Overly dramatic portrayals of drowning in movies and TV spread deadly disinformation. This and other tropes show that if you believe everything you see, it could kill you.
When you share your life with a reality TV editor, you learn that reality often winds up on the cutting-room floor.
The film lays bare all the raw intensity of the subject matter, holding back nothing. But some may wonder: What’s the lion’s motivation?
Acceptance speeches are often great for moments of hubris and disaster. For anyone soon to win a prize, here’s a template best avoided.
America has a problem with death; zombies have a problem with life. The difference, explained by more than 60 zombie movies.
On Sunday night, Hollywood’s finest will clasp the man of their dreams to their chests. Ladies and gentlemen, meet Oscar.
Some movies inform. Some movies entertain. And some pry open your skull and punch you in the brain.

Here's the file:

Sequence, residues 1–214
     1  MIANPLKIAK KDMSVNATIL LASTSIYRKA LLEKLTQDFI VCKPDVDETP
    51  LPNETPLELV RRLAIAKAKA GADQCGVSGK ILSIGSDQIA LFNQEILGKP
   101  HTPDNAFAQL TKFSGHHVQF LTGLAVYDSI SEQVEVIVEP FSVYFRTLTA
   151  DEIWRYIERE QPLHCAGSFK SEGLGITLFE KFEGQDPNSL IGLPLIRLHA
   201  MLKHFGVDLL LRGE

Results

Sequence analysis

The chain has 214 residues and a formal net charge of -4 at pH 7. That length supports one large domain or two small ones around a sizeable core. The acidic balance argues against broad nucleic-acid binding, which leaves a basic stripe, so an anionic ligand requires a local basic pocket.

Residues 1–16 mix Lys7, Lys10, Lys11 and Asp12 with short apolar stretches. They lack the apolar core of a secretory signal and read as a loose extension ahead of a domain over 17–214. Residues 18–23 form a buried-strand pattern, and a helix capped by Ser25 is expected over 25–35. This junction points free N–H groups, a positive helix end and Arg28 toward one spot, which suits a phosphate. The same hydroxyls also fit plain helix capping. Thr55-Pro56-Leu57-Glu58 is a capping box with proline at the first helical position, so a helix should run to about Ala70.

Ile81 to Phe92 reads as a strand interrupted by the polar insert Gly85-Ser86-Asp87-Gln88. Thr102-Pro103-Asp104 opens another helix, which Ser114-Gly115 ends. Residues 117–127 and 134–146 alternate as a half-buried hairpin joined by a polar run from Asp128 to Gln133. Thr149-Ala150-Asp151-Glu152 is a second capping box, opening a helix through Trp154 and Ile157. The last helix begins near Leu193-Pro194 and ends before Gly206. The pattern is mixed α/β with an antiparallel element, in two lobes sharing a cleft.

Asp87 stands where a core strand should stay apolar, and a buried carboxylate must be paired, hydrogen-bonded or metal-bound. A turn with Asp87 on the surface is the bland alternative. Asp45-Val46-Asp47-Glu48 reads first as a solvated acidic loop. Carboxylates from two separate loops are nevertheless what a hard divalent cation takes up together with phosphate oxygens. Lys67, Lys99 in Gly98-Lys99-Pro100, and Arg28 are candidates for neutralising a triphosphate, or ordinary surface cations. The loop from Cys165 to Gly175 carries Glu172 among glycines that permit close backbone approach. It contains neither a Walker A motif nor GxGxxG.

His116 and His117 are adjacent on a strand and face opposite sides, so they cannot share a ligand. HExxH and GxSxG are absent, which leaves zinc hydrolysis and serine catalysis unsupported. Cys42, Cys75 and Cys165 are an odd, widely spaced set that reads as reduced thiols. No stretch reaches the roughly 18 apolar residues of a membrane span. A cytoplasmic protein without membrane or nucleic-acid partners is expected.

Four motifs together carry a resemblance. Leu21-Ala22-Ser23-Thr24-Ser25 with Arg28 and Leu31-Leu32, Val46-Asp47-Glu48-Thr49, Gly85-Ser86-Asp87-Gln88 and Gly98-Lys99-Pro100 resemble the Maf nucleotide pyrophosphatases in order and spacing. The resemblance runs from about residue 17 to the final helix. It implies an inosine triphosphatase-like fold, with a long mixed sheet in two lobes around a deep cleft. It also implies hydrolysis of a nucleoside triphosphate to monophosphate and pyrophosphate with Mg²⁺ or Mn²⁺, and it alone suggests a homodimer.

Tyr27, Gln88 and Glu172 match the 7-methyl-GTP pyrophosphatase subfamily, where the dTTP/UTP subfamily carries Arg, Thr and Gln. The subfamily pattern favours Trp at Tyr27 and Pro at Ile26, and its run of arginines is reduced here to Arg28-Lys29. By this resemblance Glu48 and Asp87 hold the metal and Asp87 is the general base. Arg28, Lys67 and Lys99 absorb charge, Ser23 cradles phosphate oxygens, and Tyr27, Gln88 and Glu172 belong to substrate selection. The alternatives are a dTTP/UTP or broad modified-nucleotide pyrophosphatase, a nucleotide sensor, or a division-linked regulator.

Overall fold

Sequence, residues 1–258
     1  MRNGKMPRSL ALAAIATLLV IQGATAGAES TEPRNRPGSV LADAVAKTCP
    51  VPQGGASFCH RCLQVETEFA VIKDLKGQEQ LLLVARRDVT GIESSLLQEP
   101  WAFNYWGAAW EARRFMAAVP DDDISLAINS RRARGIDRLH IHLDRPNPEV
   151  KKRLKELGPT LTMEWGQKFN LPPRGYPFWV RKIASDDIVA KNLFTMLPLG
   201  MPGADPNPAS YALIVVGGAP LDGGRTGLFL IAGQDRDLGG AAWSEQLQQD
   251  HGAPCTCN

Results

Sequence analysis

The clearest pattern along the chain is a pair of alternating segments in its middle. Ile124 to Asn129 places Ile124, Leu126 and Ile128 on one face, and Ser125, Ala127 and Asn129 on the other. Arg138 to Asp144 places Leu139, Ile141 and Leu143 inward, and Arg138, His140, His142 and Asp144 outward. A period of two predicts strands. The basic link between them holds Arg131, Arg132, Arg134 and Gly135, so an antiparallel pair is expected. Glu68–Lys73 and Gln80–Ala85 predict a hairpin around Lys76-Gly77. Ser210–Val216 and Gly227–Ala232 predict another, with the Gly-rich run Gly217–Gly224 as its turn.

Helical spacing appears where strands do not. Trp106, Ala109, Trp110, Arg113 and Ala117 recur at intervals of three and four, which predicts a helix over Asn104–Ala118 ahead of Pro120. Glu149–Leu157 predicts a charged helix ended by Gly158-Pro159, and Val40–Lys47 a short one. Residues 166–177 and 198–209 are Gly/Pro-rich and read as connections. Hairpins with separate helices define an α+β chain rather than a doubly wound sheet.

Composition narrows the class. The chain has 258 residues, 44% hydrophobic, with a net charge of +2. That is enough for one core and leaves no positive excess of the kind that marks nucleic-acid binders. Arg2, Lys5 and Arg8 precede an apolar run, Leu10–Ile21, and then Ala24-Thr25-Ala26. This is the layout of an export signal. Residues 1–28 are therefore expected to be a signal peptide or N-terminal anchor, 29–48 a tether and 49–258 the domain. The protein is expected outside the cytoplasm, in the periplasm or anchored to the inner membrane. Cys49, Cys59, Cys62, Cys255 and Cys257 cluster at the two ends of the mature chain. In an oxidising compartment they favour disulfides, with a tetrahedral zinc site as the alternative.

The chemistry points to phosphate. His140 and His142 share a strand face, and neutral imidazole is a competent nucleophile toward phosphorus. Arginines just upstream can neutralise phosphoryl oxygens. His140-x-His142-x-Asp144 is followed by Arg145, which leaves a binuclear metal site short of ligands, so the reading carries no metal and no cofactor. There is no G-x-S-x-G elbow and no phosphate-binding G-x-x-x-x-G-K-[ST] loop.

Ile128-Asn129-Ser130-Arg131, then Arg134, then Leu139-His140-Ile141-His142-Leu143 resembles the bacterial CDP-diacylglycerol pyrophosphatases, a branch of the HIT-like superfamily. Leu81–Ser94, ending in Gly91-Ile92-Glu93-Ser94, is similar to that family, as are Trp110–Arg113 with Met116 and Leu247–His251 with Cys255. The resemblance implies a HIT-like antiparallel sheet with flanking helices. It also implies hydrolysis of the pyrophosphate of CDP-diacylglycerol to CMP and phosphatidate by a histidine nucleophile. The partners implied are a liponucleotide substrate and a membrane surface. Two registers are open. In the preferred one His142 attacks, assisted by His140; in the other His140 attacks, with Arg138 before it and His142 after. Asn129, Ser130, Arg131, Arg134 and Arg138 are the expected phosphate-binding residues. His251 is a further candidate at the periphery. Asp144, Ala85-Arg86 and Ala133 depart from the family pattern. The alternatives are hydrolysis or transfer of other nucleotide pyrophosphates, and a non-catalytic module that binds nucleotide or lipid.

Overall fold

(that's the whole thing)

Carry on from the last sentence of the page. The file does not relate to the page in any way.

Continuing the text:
Striking TV and film writers should be shutting down the industry, right? Not so fast. Hollywood has a plan for a new kind of synergy, and now that the writers are out of the way, it’s showtime.
At the New York State Psychiatric Institute, a darkened room of psychologists gaze upon Matt Damon—trying to decide when a bust is really a penis. Watching the analysis unfold.
The world MTV depicts is anything but real. But we don’t watch to escape, we watch because we can’t look away.
When did our angst-driven movie men get all tangled up in their apron strings? A screen history of damaged males.
Saving lives is hard enough—what medical professional has time for significant romantic moments in the supplies closet? A lifetime of TV role models.